This is my forty-third day at home, which means that technically I have passed quarantine, a period which used to mean forty days, and not as it does now a variable period of time extended by Government decrees. Today, Sunday, children have been allowed to take a one-hour walk for the first time in weeks, and this feels as a turning point of sorts, even though there is no way we can predict what lies ahead of us. Minister for Universities Manuel Castells announced this week that the new university year should be started in September with caution, taking into account the high probability of a second bout of infection. He spoke of classrooms that should be occupied only partially to guarantee social distancing (why is this not called personal distancing?) and that would be disinfected between sessions. This is so impractical and preposterous that I think Castells meant that in practice we’ll stay online for at least one more semester. I personally prefer that to taking overcrowded trains to travel to UAB, or speaking to colleagues and students from a distance of six feet, and wearing a facemask.

For those of us fortunate enough to continue working at home, this is a ghostly crisis. Life maintains a certain level of normality until the ‘other’ world appears. This consists of the persons working to guarantee our everyday routine: supermarket cashiers, bakers, food market sellers, sanitation workers, workers at factories and fields, employees of tech companies that guarantee we can work online, those who make sure we can still get water, power, gas, petrol… etc. For them, the changes caused by Covid-19 must be very different from what they are for persons like myself, but, then, where are they supposed to discuss them? Twitter, I guess. And, then, there’s the really scary ‘other’ world, the one we see grossly misrepresented in the media and, if we are less fortunate, in person in the hospitals. It’s hard to imagine the level of terror that doctors and nurses, patients and relatives, have been putting up with while the rest of us discuss the boredom caused by lockdown or the limitations of the Netflix algorithm. That, I think, is a key problem: the experience we have of Covid-19 is communal as no other experience can be except a war but, as it also happens in wars, personal experience is very different. Some self-isolate in total comfort and will suffer no significant trouble, for others the virus is the end of life as they knew it before, or the end of life full stop.

Raül Magí, who writes the blog Les Rades Grises: Una Mirada a la Literatura Fantástica, asked me recently to write a few words about the future of dystopia after Covid-19. You can find my contribution and many others by persons I admire very much in the Catalan SF/fantasy circuit here: I believe that making predictions of any kind makes very little sense. Nobody making predictions about 2020 back in December 2019 would have imagined the catastrophe we are now going through (even though Wuhan was already in deep trouble). On the other hand, it takes time for traumatic experience to be fully understood and even though we now rush to discuss new events as soon as they begin to happen (Netflix already has a documentary series about Covid-19), what this crisis really means will only be grasped perhaps in the 2030s, supposing it is over by then. The best fiction and autobiography about WWI started appearing in 1929; the Holocaust only became the topic of countless publications from the 1960s onward. I told Raül this and then I added that I hope to see many utopian fantasies of reconstruction (Slavoj Žižek has already written a book proposing a new form of communism, though I’m not sure I would support that) and also an end to dystopia because, I wrote, “this is a genre we can only enjoy as long as we enjoy a safe, comfortable lifestyle, which is what we have lost now”.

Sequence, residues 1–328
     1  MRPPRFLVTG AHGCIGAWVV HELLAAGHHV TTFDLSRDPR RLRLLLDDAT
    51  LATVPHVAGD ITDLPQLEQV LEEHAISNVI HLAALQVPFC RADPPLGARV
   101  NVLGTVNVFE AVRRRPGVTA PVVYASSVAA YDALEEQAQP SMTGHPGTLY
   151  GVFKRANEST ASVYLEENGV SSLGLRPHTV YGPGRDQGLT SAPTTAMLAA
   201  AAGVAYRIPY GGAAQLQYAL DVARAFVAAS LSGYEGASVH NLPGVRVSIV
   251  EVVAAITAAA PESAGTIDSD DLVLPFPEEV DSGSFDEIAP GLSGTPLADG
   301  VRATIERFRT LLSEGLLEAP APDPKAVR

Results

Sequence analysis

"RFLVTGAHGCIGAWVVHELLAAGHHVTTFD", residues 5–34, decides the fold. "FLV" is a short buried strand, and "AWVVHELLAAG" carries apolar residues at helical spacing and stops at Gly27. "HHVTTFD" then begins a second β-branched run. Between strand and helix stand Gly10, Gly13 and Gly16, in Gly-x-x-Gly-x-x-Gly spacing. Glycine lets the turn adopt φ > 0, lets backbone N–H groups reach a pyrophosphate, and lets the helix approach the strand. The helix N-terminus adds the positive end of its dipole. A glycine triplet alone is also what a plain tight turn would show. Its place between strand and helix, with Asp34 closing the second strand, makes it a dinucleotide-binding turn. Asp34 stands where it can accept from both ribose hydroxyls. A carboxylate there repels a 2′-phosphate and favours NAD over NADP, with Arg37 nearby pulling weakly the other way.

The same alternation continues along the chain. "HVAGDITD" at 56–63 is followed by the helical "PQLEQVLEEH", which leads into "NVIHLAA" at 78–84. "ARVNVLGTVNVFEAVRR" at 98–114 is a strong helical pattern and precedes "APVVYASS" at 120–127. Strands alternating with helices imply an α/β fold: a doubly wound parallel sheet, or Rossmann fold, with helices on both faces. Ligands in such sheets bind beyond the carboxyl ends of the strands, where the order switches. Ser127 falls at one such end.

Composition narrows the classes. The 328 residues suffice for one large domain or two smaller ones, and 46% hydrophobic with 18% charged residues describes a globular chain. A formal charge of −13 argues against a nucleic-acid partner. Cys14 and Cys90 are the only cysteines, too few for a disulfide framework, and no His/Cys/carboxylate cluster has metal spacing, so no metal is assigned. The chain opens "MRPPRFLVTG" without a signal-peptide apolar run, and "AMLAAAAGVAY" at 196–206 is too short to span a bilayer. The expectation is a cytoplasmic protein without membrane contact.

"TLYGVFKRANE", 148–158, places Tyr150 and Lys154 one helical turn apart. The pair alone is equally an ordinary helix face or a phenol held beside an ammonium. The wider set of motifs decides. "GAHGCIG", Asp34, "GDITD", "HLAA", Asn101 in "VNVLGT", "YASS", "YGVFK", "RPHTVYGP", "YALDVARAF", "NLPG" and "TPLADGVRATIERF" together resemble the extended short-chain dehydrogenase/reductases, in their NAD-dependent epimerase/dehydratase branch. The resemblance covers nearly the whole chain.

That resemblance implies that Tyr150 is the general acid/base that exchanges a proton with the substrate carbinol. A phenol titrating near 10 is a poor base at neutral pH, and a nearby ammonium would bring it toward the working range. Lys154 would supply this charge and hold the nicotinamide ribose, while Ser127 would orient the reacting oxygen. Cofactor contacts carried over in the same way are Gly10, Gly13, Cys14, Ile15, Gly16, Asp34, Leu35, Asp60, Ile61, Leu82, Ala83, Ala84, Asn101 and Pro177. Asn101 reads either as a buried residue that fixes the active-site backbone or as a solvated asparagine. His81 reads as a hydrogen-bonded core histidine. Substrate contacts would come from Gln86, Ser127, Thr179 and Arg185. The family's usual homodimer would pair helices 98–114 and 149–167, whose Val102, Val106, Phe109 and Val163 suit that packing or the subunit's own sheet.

I am very much aware that this lifestyle has been so far enjoyed by a privileged minority in the world, to which I belong as an academic but also as a citizen of the Western world (though I’m not forgetting the millions of fellow-citizens who have lost all safety nets). The crisis caused by Covid-19 has so many angles that covering all of them is practically impossible but try to imagine what it is like to be a refugee, a person in a war zone, homeless or poor and then have the virus threaten your life on top of that. What is at stake right now for us, the privileged, is, leaving aside the brutal economic impact for all, a sort of spiritual numbness. Spain has been very hard hit not only because the early signs of the pandemic were disregarded (that has happened in many other countries anyway) but also because our lifestyle involves plenty of personal contact. We touch each other a lot in comparison to other cultures, tend to be gregarious, and think of our lives as extended networks beyond home. Now we are asked to obey personal distance and that is a main ingredient of what I am calling spiritual numbness. Online contact has many advantages but it is not the same as face-to-face contact. What the virus has brought is a total suspicion of proximity which must be already having a devastating impact on intimacy at all levels. If the Government decreed tomorrow that we can go back to normal in about one month, I fear that my own personal sense of abnormality will persist and it will take me time to get close to people again. On the other hand, I think of the Germans demanding that the Government of the Balearic Islands opens up the territory to tourism again this summer and I realize that their selfishness is also part of this spiritual numbness I am describing. Who are they to say that our lockdown measures are unnecessary, I wonder? How can they be so unfeeling?